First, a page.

The Divine Monster
A burlesque parable of mythical and festering Flanders written in a well-chosen and humorous style
In an interview Tom Lanoye once perfectly summed up the ambiguity of his attitude to the place of his birth: ‘Flanders fills me with great abhorrence and admiration: I write about the banal and sublime things I encounter here’. This paradox is reflected in the title of Lanoye’s latest novel: Het goddelijke monster. For Tom Lanoye, political wrongs and corruption function as a metaphor for human weakness, and in his work that weakness is called Belgium. The country is a ‘divine monster’ with many faces and the same can be said of the main character of Lanoye’s latest novel.
Katrien Deschrijver is stunningly beautiful and has always been exactly what other people wanted her to be. For one person she’s the embodiment of his dead daughter, for another she’s a sex kitten, for a third a mother: ‘And so her life moulded itself to fit the expectations of all who came into it. And there were plenty.’ One of the many is her husband, whom Katrien accidentally shoots dead in the book’s first and most burlesque scene. It’s not the only fatal accident on her conscience. As a divine mirror she reflects evil as well as beauty.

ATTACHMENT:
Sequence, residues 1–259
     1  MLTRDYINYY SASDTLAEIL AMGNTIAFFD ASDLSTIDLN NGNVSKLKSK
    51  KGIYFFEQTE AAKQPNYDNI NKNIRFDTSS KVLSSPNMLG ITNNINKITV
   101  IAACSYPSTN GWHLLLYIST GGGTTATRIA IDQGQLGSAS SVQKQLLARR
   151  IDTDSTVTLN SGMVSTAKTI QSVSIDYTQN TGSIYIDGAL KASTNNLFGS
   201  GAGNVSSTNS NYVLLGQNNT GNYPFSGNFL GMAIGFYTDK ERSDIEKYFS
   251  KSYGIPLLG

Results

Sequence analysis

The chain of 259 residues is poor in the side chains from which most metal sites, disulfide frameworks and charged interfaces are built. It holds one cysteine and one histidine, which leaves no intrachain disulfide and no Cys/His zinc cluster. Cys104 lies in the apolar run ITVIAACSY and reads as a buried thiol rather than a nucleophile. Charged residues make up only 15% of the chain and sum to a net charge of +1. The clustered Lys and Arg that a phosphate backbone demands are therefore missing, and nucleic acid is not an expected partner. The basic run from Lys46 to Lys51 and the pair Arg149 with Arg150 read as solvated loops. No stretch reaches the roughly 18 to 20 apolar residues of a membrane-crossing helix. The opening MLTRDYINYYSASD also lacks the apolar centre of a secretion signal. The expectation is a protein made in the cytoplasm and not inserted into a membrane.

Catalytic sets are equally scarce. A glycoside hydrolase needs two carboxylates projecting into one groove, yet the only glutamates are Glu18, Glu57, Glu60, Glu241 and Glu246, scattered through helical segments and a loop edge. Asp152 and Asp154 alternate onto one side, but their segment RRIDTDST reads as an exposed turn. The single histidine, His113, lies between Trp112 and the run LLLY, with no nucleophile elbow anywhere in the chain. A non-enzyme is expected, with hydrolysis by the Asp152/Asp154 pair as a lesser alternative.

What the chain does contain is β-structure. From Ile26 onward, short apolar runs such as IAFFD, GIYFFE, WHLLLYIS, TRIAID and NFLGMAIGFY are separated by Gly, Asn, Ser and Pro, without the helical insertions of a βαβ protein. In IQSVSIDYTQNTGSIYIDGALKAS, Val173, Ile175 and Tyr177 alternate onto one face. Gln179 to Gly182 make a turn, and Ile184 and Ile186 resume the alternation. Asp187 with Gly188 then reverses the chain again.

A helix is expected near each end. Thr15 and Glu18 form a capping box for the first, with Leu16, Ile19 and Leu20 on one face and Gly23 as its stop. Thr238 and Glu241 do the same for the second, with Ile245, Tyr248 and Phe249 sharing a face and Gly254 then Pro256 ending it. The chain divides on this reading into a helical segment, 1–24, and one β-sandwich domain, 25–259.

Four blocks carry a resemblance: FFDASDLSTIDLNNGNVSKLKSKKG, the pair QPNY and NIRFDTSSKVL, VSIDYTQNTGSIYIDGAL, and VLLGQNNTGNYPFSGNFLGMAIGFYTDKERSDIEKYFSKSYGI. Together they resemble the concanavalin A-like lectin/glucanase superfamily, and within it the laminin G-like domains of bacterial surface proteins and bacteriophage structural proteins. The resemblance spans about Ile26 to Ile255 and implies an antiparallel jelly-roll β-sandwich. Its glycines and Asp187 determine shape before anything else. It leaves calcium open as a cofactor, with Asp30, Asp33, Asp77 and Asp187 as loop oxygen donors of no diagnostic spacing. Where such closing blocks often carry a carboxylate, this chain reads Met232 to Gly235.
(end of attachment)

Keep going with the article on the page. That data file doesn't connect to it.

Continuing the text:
Her Dutch surname means ‘writer’ and it is a constantly embarrassing reminder of her incapacity to express herself. At the same time it is doubtful whether people would listen to her even if she could; after all, they see whatever they like in her. There is hardly any difference between the thoroughly corrupt members of Katrien’s family and the magistrate who is charged with investigating the fatal accidents. They are all bitter and driven by hate and jealousy. Love is absent or hidden away in dark rooms. Lanoye’s satirical, venomous tone expresses his contempt for the whole corrupt country or, rather, for its administrators and inhabitants. Because, just like Katrien, the country itself is an innocent mirror for the evil within man.